Kentucky's HHR Bill Hinges on Definition of 'Pari-Mutuel Wagering'

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Kentucky State Senator John Schickel | Kentucky General Assembly

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The legislative fix to legalize historical horse race (HHR) gaming in Kentucky will hinge on a one-paragraph definition of “pari-mutuel wagering” that a bipartisan group of state senators want added to an existing list of definitions that pertain to regulating horse racing.

The text of SB120 was posted online Feb. 3, one day after the bill was introduced.

Senator John Schickel crafted the statutory attempt to keep HHR operational, and his measure has the backing of Senate President Robert Stivers, Senate Majority Leader Damon Thayer, plus five other legislators listed on the co-sponsor page of the bill.

Their effort will try to preserve what has grown into a $2.2-billion annual handle source that has bolstered Kentucky's purses over the past decade (the Kentucky Thoroughbred Development Fund's purse-money cut from HHR is three-quarters of 1% of that handle).

This source of funding was put into peril on Jan. 21, when the Kentucky Supreme Court denied a petition for rehearing an earlier judgment that called into question the legality of HHR because it didn't amount to “pari-mutuel wagering.” The fight over that legal definition, led by anti-gambling activists, has worked its way through the court system ever since HHR was first allowed by the state in 2012.

Although the six-page bill includes a handful of other line items or word changes that pertain to how properties and premises are defined, the crux of the bill relates to a new definition of “pari-mutuel wagering” that has been inserted in an alphabetical list of terms where no definition previously existed. It reads:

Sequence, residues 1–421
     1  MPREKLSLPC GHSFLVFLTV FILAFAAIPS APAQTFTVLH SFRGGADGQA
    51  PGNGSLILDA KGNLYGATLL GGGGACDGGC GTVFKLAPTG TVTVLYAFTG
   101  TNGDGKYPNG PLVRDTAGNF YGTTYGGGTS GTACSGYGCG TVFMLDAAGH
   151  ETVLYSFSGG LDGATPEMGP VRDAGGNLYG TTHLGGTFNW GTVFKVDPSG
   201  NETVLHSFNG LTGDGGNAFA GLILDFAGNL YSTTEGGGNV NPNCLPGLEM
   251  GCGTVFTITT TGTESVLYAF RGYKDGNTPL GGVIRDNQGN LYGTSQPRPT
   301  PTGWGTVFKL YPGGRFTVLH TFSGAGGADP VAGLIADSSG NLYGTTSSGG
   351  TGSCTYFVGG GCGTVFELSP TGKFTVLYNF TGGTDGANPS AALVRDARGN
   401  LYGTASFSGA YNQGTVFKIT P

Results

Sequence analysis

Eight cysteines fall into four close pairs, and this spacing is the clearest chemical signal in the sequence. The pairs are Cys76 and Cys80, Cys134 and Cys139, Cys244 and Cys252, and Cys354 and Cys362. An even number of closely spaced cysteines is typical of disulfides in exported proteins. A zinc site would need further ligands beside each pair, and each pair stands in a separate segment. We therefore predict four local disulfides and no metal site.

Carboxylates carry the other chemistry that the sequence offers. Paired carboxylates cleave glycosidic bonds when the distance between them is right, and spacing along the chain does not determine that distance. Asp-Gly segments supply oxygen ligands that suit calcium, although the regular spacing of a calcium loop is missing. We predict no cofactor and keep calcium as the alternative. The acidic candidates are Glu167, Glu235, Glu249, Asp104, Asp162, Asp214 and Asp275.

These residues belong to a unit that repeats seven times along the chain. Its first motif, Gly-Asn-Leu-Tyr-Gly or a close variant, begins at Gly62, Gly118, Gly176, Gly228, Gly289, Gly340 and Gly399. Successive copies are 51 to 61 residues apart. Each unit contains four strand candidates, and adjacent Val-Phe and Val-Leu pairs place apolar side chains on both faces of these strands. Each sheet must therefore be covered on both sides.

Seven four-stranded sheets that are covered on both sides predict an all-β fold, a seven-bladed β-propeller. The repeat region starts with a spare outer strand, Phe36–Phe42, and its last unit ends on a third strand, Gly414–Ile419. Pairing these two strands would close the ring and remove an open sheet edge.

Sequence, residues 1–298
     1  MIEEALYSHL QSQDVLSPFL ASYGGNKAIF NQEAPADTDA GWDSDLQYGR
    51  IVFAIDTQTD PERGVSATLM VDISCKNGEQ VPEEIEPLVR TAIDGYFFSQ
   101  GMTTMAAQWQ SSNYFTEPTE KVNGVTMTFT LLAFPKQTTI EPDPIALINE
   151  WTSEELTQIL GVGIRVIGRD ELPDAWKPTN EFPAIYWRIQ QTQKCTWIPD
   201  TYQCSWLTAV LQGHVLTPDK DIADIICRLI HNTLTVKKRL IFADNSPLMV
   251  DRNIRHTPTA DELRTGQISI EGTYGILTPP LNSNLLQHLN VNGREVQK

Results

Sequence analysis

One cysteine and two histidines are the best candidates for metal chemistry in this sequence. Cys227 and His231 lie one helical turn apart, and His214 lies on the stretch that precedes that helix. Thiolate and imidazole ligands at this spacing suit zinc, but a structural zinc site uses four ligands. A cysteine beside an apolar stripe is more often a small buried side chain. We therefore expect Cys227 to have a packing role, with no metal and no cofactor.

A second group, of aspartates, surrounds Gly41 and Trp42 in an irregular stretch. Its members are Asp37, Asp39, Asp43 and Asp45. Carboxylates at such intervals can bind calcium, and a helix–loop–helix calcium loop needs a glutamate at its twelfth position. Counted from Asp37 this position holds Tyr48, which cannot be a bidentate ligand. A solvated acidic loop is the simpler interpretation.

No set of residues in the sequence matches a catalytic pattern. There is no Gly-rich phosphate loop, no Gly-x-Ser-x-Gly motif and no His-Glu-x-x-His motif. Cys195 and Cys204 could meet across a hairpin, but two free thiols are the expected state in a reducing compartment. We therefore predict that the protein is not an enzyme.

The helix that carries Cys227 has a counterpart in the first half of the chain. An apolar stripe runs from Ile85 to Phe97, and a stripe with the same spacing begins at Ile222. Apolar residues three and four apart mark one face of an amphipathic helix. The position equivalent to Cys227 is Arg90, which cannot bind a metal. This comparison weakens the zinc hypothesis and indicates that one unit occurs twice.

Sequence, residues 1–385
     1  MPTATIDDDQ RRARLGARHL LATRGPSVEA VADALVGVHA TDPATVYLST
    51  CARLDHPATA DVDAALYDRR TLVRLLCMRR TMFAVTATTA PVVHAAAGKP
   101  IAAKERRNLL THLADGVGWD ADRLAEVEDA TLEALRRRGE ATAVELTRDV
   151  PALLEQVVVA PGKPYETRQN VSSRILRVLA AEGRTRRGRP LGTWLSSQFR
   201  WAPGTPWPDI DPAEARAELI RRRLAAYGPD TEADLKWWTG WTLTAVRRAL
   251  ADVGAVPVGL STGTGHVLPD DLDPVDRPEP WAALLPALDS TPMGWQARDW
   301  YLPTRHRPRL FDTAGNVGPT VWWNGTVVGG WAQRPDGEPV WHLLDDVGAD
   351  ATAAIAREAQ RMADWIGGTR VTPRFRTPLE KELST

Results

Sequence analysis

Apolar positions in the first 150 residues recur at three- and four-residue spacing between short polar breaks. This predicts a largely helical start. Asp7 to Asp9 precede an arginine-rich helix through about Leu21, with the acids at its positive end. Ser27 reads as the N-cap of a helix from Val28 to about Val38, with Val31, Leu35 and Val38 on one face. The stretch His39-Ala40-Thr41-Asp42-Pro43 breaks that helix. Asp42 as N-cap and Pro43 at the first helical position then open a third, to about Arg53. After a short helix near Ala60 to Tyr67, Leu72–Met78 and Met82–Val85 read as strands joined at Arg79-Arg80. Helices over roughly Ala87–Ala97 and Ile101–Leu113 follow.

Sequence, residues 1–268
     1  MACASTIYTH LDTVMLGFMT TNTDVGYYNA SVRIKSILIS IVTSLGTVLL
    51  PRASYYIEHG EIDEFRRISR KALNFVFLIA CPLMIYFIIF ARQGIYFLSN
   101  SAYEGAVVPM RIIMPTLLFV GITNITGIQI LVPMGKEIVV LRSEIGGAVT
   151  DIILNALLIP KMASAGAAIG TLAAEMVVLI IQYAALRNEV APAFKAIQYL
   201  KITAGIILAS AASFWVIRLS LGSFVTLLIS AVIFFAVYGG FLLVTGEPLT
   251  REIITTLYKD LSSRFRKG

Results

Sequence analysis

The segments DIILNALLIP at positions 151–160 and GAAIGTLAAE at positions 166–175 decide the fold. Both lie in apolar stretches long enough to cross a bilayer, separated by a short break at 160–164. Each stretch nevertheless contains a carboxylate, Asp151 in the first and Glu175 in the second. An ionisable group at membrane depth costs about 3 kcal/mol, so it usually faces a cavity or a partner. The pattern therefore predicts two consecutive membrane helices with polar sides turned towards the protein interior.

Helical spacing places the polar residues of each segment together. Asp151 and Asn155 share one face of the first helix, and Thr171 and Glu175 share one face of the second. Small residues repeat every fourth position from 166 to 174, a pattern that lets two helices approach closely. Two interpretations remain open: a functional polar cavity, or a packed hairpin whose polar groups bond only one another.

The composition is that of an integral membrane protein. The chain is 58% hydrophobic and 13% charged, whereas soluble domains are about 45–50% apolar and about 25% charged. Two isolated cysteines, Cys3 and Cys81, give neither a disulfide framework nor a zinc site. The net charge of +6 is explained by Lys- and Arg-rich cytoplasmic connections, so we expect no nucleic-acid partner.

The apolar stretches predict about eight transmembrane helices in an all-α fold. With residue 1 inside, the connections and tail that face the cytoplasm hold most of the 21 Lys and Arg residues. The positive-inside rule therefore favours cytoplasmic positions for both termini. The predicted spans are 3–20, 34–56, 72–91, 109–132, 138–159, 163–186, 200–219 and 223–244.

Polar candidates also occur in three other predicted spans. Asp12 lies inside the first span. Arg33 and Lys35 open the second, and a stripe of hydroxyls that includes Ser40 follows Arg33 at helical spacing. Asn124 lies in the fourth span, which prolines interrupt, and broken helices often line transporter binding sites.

“Pari-mutuel wagering,” “pari-mutuel system of wagering,” or “mutuel wagering” each means any method of wagering previously or hereafter approved by the racing commission in which one (1) or more patrons wager on a horse race or races, whether live, simulcast, or previously run. Wagers shall be placed in one (1) or more wagering pools, and wagers on different races or sets of races may be pooled together. Patrons may establish odds or payouts, and winning patrons share in amounts wagered including any carryover amounts, plus any amounts provided by an association less any deductions required, as approved by the racing commission and permitted by law. Pools may be paid out incrementally over time as approved by the racing commission.

Schickel said before he filed the bill that it will have a Feb. 4 hearing in the Senate Licensing and Occupations Committee, of which he is the chairman. That Thursday hearing, however, was not yet posted on the committee's online calendar before the late-afternoon Wednesday deadline for this story.

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